I got right on it. I dug out a pile of solid state relays and brought them to the Lab. I bought an Arduino Duemilenova and demonstrated the use of the LED Blink example sketch to actually blink a halogen lamp. I found some info on using LEDs as light sensors  and an Arduino sketch demonstrating the technique.
I found that the LEDs were not nearly sensitive enough - the laser had to point straight into the light emitting part, or the LED wouldn't register. So I switched to phototransistors. They are much more sensitive, and over a wider range of frequencies. With the proper filter over the transistor I could make it more sensitive to red light, and from a much wider range of angles to the sensor.
DISCLAIMER AND WARNING: This instructable deals with line (mains) voltage at 120 or 240 volts. Use common sense if you build this circuit - if you have a doubt about something, ask someone who knows. You are responsible for your (and others') safety, and compliance with local electrical codes.
Step 1: The Sketch and some Theory
For each lamp I use telephone cable, since it's cheap, has four conductors, and I had a bunch laying around anyway. I used red for common +, black for ground, green for the phototransistor collector, and yellow for the relay control +.
A phototransistor passes an amount of current that varies with the amount of light falling on it. The Analog to Digital Converter (ADC) in the arduino measures the voltage at the pin relative to ground. I looked at the phototransistor data sheet and verified with a multimeter that the transistors pass 10mA at full light. Using Ohm's law, that's about 500 ohms at 5V,
To control the lamps I used a solid state relay module. These are relatively cheap at the current rating we needed, about $4 for up to 4A. Make sure to buy relay modules with a zero-crossing detector, especially if controlling anything inductive, like a fluorescent light, motor, or wall-wart transformer. Switching them on or off anywhere but the zero point could cause voltage spikes which at best will reduce the life of your appliance, and at worst start a fire.
Step 2: Wiring the lights
Have a look at the connection from the power lines from the switch into the ballast. You might be able to order connectors (Newark Electronics sells the Wago 930 series, which is what we had). Then you won't need to cut existing wires and can remove the system if something goes wrong.
Solder the ground (black) to the relay input -, and the control (yellow) to relay input + (the color code in the picture is different from what I put on the front page, since I changed my mind about what would make sense).
Solder or screw on (depending on your relay) the black (hot) wire through the relay. Make sure to use heat shrink and electrical tape! Push the black wires into your connectors and the white (neutral) and ground (green) are just straight through from connector to connector.
The other end of the wires go to the Arduino as follows:
All the red wires (common cathode or collector) go to Analog 0 (port C0), and all the black to ground. Each green (anode or emitter) goes to pins 8-13 (port B 0-5) and the yellow wires go to the pins 2-7 (port D 2-7). Make sure that the green and yellow wires match up, since the sensor needs to control the proper relay! If you put the yellow into pin 2, the green from the same fixture goes to pin 8.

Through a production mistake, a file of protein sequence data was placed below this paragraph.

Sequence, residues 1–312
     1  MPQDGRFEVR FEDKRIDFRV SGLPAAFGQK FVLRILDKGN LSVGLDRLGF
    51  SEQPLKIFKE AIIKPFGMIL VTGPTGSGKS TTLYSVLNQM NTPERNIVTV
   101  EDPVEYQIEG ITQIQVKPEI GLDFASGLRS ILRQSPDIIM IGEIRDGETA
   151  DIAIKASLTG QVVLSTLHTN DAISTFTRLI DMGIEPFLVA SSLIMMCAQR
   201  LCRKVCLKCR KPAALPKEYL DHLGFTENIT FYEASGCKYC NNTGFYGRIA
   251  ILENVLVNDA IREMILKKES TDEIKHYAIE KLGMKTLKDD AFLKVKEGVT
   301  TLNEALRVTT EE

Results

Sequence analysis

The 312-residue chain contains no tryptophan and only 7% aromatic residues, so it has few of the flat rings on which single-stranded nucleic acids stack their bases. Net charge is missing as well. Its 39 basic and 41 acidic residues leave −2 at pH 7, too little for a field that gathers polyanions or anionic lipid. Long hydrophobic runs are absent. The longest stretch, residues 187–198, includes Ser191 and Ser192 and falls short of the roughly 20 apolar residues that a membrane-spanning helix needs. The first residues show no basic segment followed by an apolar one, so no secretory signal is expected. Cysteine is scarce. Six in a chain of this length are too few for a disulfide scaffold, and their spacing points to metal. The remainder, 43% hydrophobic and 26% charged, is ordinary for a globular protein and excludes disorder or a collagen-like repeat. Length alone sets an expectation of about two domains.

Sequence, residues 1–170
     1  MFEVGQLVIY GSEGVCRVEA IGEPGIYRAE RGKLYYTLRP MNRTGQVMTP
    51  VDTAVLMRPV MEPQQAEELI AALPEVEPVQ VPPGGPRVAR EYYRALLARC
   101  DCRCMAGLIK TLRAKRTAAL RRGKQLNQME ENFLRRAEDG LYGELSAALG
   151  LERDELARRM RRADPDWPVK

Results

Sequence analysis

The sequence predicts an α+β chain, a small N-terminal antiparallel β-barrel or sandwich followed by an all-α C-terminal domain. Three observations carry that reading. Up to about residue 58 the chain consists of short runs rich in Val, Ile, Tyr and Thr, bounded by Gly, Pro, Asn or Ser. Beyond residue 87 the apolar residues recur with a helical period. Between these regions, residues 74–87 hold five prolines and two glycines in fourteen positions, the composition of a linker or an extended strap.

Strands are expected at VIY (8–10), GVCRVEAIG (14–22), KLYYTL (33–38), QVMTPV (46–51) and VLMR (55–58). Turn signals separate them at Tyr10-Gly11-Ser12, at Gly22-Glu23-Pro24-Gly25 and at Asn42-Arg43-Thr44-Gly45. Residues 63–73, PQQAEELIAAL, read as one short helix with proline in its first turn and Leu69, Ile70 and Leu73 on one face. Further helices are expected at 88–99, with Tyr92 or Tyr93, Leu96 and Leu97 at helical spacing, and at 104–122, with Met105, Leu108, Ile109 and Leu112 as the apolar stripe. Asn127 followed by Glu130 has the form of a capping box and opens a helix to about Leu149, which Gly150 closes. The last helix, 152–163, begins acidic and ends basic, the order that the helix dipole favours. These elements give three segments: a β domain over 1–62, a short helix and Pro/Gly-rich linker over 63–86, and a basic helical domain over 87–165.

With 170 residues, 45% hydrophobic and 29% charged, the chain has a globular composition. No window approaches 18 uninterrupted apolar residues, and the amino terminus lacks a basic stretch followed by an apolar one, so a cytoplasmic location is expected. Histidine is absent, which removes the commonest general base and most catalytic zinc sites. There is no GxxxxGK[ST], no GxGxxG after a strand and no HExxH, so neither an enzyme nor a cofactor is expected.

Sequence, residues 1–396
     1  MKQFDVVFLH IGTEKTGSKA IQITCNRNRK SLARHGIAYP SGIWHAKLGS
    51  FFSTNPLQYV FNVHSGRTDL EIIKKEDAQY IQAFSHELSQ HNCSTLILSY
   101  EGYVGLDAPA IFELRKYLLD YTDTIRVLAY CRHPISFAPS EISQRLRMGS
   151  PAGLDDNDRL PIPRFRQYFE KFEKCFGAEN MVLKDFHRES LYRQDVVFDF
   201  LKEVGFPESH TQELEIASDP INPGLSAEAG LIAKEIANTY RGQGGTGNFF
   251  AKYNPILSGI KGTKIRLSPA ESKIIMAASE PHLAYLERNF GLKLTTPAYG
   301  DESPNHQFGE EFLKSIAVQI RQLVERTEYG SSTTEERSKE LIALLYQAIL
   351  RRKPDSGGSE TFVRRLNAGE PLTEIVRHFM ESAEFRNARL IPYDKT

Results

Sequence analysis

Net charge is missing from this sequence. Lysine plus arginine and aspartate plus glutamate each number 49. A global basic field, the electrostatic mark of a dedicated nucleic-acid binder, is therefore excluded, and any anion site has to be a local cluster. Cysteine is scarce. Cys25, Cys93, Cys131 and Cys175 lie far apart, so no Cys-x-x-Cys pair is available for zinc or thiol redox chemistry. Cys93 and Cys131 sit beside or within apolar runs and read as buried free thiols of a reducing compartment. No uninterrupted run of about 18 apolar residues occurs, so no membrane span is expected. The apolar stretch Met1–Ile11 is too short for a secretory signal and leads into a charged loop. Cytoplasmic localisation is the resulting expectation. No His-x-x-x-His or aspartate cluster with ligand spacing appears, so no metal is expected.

Step 3: Testing the Sketch and Design Notes
The first step was deciding whether to use capacitive sensing or resistive sensing. Resistive sensing is connecting the sensor through a resistor to one of the analog pins and doing analogRead and comparing against a threshold. This is simplest to implement, but takes lots of calibration.
The theory of capacitive sensing is that when reverse biased (- to the + lead and vice versa), an LED will not allow current to flow, but electrons will collect on one side and leave the other side, effectively charging a capacitor. Light falling on the LED at the frequency it normally emits will actually cause a smal current to flow, which discharges this capacitor.
So if we charge the LED 'capacitor' and count how long it takes to discharge through a resistor, we get a rough idea of how much light is falling on the LED. This actually worked out to be more reliable across different devices, and even works for phototransistors! Since we're not doing a precise lumen measurement, and the laser pointer should appear a lot brighter than ambient, we just look for a thresholded discharge time.
The other important part of this adventure is debugging. For those familiar with programming non-embedded systems, a popular method is to add print statements at critical points in the code. This also applies to embedded systems, but when every microsecond counts, the amount of time to Serial.write("x is "); Serial.writeln(x); is actually quite significant, and you may miss a lot of events in the process. So remember to always put your print statements outside of critical loops, or any time you expect an event. Sometimes blinking an LED is enough to let you know you got to a certain point in the code.
Step 4: Adding Web Control
So you can easily throw together a CGI script (or servlet, or whatever web technology floats your boat) to control your lights remotely. The Serial.writes also output whenever a light is changed from user input, so the page can have Ajax updates to show the current state.
Another thing I'm going to experiment with is detecting motion in a room. People reflect light, and as they move that light will change. That's the 'delta' part of the write statements I have.